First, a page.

(2) Nawar et al. BMC Res Notes (2017) 10:666. Page 2 of 5. training or extra labor costs for handling purposes. Spike balls are reusable and can be used in multiple batch processes, thereby contributing towards minimum waste generation. This technique also encourage the effective mixing of algal cultures, without posing any adverse impact on their growth cycle. This mixing effect prevents algal biomass to settle on the walls of PBR pipes, which results in the potential biofilm reduction. Another added advantage of the process is the cost-effectiveness and application in different PBRs for biofilm removal due to the availability of the spike balls in various sizes and designs. This study is focused on devising an innovative method of removing algal biofilm from PBRs. The set of spike balls with bristles were prepared and were circulated along with the algal culture in the airlift tubular PBR as a mobile scrubber to remove biofilm leading to less deposition and high biomass production.. vertical and horizontal pipes, a degasser, sampling point and a pump. Submerged spike balls used in the experiment were 6 in. in diameter with 0.7 cm long projections (completely filled with water having magnets inside). The spike balls used mechanical scrubbing action against the reactors to remove deposited algal biofilms. Furthermore, the action of spike balls kept the water agitated which discouraged the algal deposition. A small portion of reactor pipe was removed from the PBR for analysis of the biofilm characteristics. The algal biofilm present on the fragments of PBR glass pipe was air dried and later analysed using Nanovea Optical Profilometer Ps-50 (Nanovea Corp. USA) with Nanovea 3D software. Chlorella vulgaris cell count was monitored using Neubauer Hemocytometer (China). The cell concentration was measured using Eq. (1). Where, Xc is cell concentration, Tcell is total cells and Df is dilution factor.. Xc (mL−1 ) = [Tcell (5 squares) × 5000 × Df ]. Main text. (1). −1. Experimental. The algal strain used in this study is Chlorella vulgaris (ATCC 9765), which was obtained from AlgaeTech International, Malaysia. Chlorella vulgaris is a photosynthetic microorganism with size ranging from 2 to 10 µm . Chlorella vulgaris was grown in Bold’s Basal media  at 25 °C in a 100 mL flask which was subsequently diluted to 1000 mL with a pH of 6.5. The culture was then transferred into a 480 L PBR using electric pump for aeration whereas day light was used as a light source. The pH was monitored and adjusted to 6.5 using 2 M NaOH or 2 M H2SO4 solutions. All the chemicals used were of analytical grade from Sigma Aldrich. The vertical PBR (480 L) were used for microalgae cultivation as presented in Fig. 1. The PBR consisted of. Algal Culture Scale up. The dry biomass (g L ) was used to determine the growth rate of algal culture. The specific growth rate (r) per day was calculated using the Eq. (2) . Where Nt and N0 are the dry biomass weights (g L−1) at time T t and T0, respectively, and ∆t is the time interval from T t to T0. Ln (Nt ) − ln (N0 ) r= (2) �t Algal yield was determined from the growth rate and doubling time. Cell doubling time (td,) was estimated using Eq. (3). ln 2 td = (3) rmax. Photobioreactors. Algal Cultures. Bold's Basal Medium Fig. 1 Experimental setup of vertical 480 L PBR. Scaling up to 1L. 480L.
(3) Nawar et al. BMC Res Notes (2017) 10:666. Page 3 of 5. obtained from Nanovea 3D software shows the thickness of algal biofilm is 3064 nm (3.064 µm) as depicted in Fig. 2b. The spike balls were introduced into the PBR on day 30 and their effect on biofilm removal was observed by doing the visual inspection a thick layer of algal biofilm can be seen in the Fig. 3a. Nevertheless, a visible reduction in the biofilm layer was seen in 3 days after introducing the spike balls demonstrated in Fig. 3b. The image clearly show the effect of the spike balls employment into the PBR. There was a substantial effect on the amount of adherent biofilm by the brushing action of these spikes. Continues motion of these balls within the tubing ensured adequate area was covered including bottom and bends. They were easily removed via the degasser chamber and any material trapped in the projections could be cleaned with simple soap and water.. Results. The algal cultivation in PBR were conducted to investigate the impact of the spike balls on the removal of produced algal biofilm. From inoculation till day 24, the cell count was observed to increase from 1.05 × 106 cells mL−1 to 2 × 106 cells mL−1. This number doubled in 1 day, reaching 4 × 106 cells mL−1 on day 25, and finally peaking at 4.85 × 106 cells mL−1 on day 30 as shown in Fig. 2a. On day 17, visible algal biofilm was seen appearing in the inner walls of PBR which kept accumulating till day 37 under the controlled growth environment. In the second PBR run, spike balls were introduced in the PBR on day 30, which resulted in an abrupt increase in cell count to 6.85 × 106 cells mL−1. The continuation of this rise in cell count was seen until day 37. This enhancement in cell count was not only due to the result of algal growth but also dislodging of cells previously adherent to the PBR walls as more light was able to penetrate inside the PBR pipes. Figure 2a shows the dry biomass of algae. The maximum specific growth rate (rmax) per day was determined from all the different values of specific growth rate (r), while the maximum biomass obtained was designated as Nmax (g L−1). The maximum specific growth rate (rmax) was obtained to be 0.451 day−1 while the doubling time was found to be 1.5 days. As the spike balls were introduced into the PBR on day 30, a sudden increase in the cell count was observed as shown in Fig. 2a. The result. 6. This study attempted the removal of biofilm on the inner walls of the PBR via physical abrasion method. Optimal growth parameters for C. vulgaris has already been identified and it was grown for biomass production purposes. During algal growth in PBR, the major problem faced was biofilm formation. After experimentation it was found that the algal biofilm thickness was to be 3.064 µm which is in good compromise with previously reported results [11, 12]. The spike balls removed algal. 1. a. -1. Chlorella Vulgaris ( ×10 cell mL ). 8. Discussion. -1. Dry weight (g L ). Maximum height. 3064 nm. Mean height. 2702 nm. Width. 0.177 mm. Algal biofilm thickness profile. b. 7 6. nm. 5. 150000. 4. 100000. 3. 50000. 2. 0. Length = 16.0 mm Pt = 213359 nm Scale = 400000 nm. -50000. 1. -100000. 0.4 -150000. 0.2. -200000 0. 0.0 0. 3. 6. 9. 12. 15. 18. 21. 24. 27. 30. 33. 36. 39. Days. Fig. 2 a Cell count and dry weight of algae. b Analysis of algal biofilm thickness. 1. 2. 3. 4. 5. 6. 7. 8. 9. 10. 11. 12. 13. 14. 15 16 mm.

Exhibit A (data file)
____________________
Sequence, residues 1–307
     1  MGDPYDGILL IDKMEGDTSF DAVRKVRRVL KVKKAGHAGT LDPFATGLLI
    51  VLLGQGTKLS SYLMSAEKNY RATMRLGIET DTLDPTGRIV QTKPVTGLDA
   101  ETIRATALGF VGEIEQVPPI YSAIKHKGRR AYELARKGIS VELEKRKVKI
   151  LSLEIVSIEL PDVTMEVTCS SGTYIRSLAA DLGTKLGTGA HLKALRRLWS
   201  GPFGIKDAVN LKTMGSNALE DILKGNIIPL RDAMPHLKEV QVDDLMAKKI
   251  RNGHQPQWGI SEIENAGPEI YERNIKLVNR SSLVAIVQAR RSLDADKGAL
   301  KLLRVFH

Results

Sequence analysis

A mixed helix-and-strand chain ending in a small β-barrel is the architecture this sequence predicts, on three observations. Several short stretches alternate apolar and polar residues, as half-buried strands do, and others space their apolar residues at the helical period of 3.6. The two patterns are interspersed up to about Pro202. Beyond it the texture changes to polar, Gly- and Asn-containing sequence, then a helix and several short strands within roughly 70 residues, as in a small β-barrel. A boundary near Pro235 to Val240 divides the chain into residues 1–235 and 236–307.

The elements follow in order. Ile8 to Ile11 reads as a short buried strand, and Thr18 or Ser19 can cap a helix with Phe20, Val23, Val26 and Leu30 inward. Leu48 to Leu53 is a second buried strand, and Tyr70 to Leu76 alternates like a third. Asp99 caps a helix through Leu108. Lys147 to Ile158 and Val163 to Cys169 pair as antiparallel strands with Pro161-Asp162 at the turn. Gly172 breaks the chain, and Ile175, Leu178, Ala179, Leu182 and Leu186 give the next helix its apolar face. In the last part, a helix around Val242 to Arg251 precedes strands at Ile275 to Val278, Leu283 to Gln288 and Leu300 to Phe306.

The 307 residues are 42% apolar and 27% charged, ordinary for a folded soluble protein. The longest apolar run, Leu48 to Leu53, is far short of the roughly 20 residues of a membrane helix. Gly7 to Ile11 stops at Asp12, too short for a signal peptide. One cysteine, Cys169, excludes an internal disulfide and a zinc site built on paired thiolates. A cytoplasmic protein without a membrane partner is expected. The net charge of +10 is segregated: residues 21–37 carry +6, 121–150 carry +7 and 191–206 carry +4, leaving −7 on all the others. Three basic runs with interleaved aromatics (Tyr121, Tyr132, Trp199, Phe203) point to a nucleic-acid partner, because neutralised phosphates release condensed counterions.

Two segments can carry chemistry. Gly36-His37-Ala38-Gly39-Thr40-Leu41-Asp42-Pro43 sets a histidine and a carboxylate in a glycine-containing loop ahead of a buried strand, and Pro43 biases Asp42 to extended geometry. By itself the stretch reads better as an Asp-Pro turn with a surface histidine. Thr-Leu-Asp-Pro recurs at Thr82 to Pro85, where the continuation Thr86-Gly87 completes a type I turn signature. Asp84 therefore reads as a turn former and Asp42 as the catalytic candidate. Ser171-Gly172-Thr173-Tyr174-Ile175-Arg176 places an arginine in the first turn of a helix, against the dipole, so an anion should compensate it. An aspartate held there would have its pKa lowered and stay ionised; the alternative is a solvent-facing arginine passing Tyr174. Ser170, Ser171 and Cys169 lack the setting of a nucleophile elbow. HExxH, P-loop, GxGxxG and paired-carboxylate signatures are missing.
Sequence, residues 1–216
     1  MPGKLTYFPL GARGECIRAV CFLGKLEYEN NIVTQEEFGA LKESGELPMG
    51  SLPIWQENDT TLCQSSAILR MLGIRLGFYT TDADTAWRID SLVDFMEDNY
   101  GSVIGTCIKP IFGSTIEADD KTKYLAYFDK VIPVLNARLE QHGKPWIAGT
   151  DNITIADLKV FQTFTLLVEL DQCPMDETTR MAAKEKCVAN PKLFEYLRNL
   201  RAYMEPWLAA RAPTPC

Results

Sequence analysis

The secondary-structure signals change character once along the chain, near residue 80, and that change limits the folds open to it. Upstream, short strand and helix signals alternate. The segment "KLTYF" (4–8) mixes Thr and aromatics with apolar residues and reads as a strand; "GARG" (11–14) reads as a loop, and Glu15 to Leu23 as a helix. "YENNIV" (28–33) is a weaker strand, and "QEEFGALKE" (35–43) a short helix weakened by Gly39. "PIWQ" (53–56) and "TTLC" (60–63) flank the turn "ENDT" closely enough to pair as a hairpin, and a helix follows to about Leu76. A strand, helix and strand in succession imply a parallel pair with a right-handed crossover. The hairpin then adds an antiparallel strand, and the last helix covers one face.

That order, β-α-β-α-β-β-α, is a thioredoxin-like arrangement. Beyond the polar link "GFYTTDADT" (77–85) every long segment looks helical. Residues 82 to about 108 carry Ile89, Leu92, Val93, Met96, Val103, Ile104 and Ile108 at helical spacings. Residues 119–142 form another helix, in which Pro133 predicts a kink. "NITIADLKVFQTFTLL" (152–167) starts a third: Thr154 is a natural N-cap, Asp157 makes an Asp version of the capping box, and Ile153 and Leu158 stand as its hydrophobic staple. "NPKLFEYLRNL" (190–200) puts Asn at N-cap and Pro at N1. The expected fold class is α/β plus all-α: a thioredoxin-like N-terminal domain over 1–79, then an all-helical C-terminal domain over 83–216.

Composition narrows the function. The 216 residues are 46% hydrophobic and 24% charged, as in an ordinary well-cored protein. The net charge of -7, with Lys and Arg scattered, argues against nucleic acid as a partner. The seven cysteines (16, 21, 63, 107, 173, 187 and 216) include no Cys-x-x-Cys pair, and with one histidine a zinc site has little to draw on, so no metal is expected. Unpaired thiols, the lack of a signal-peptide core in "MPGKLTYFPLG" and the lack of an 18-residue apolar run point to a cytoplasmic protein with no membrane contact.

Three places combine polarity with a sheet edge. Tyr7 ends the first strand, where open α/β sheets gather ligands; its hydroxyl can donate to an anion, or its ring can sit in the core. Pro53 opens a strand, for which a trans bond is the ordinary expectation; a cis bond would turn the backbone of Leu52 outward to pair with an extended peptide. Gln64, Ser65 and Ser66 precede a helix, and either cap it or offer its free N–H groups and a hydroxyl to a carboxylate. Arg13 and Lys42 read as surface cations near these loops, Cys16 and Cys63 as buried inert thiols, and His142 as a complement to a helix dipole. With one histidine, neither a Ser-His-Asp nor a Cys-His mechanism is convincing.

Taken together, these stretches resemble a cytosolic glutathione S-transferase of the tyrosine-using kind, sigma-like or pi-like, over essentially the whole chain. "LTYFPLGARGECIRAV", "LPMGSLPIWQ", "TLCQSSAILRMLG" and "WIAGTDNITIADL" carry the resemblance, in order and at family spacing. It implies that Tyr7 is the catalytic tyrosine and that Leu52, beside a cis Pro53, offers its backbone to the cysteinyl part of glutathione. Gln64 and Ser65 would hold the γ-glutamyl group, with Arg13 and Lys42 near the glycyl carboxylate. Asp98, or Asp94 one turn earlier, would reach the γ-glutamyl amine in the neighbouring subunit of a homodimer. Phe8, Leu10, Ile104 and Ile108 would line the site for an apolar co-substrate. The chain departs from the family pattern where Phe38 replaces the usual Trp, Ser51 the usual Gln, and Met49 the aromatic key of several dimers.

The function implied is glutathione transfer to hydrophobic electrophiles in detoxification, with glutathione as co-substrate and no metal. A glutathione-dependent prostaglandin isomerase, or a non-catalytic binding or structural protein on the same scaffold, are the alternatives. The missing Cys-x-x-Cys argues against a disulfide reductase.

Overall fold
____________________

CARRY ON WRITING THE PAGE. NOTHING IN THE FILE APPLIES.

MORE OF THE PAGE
(4) Nawar et al. BMC Res Notes (2017) 10:666. Page 4 of 5. Biofilm Spike balls. Before introducon of spike balls in Photobioreactor. Physical abrasion process. Aer introducon of spike balls in Photobioreactor. b. a. Fig. 3 Effect of Spike balls on biofilm removal. a Before removal of biofilm. b After removal of biofilm. biofilms significantly from the bioreactor and carried them into circulation. This increased the algal mass per liter of solution, and inhibit cells to stick in PBR, resulting biofilm formed is also nominal. The spikes on balls provide increase in surface area when in contact with walls of PBR. The scrubbing action of spikes also increases its mechanical efficiency. While comparing with previously available technologies, few methods required high pressure to clean PBR which leads to breakage of reactor . The using of ozone and ultrasound is expensive technology as it requires high energy input and it also destroys the algal cell [14, 15]. The chemical methods are also harmful for algal cell growth and expansive . Whereas, the provided method is not harmful to the algal cells reactor and maintenance of the reactor. The spike ball design and preparation is very simple and no extra cost is required. The method does not required any surplus energy or chemicals, so it can be considered as environmental friendly and low cost mechanical approach to remove the biofilm form PBRs.. 2 Chemical Reaction Engineering Group (CREG), Faculty of Chemical & Energy Engineering, Universiti Teknologi Malaysia (UTM), Skudai, 81310 Johor Bahru, Malaysia. 3 Department of Civil and Environmental Engineering, College of Engineering, University of Massachusetts (UMass), Amherst, MA 01002, USA. 4 Punjab Bio Energy Institute, University of Agriculture, Faisalabad 38000, Pakistan.. Limitations. Publisher’s Note. •• Spike balls can get trapped in bends of PBR. •• A single spike ball design can limited to the particular reactor. •• Retrieval of damaged spike balls may be difficult. Abbreviations PBR: Photobioreactor; EPS: Extracellular polymeric substance; PVC: Polyvinyl chloride. Authors’ contributions AN, AHK, NA, MQ and EA were involved in study conception. AN was involved in data collection and screening of experiments. AAA, AN and MQ were involved in data analyses. AN and AHK drafted the manuscript. All authors read and approved the final manuscript. Author details 1 US‑PAK Centre for Advance Studies in Energy (CAS‑EN), National Univer‑ sity of Sciences and Technology (NUST) H-12, Islamabad 44000, Pakistan.. Acknowledgements The PBR facility used was installed at National University of Sciences and Tech‑ nology by NRG Biofuel Inc. Canada. Authors also acknowledge the contribu‑ tions of Mr. Naveed Ahmad (Lab Engineer) and Mr. Qamar Ud Din (Technical staff ) for help and maintenance of PBR. Competing interests The authors declare that they have no competing interests. Availability of data and materials All data supporting these findings is contained within the manuscript. Consent for publication All authors have agreed to publish the manuscript in BMC Research Notes. Ethics approval and consent to participate Not applicable. Funding This research did not receive any specific grant from funding agencies in the public, commercial, or not-for-profit sectors.. Springer Nature remains neutral with regard to jurisdictional claims in pub‑ lished maps and institutional affiliations. Received: 18 July 2017 Accepted: 25 November 2017. References 1. Abomohra AEF, et al. Microalgal biomass production as a sustainable feedstock for biodiesel: current status and perspectives. Renew Sustain Energy Rev. 2016;64:596–606. 2. Narala RR, et al. Comparison of microalgae cultivation in photobioreactor, open raceway pond, and a two-stage hybrid system. Front Energy Res. 2016;4(August):29. 3. Shen Y, et al. Biofilm formation in attached microalgal reactors. Bioprocess Biosyst Eng. 2016;39(8):1281–8. 4. Silva AG, et al. Life cycle assessment of biomass production in microalgae compact photobioreactors. GCB Bioenergy. 2015;7(2):184–94..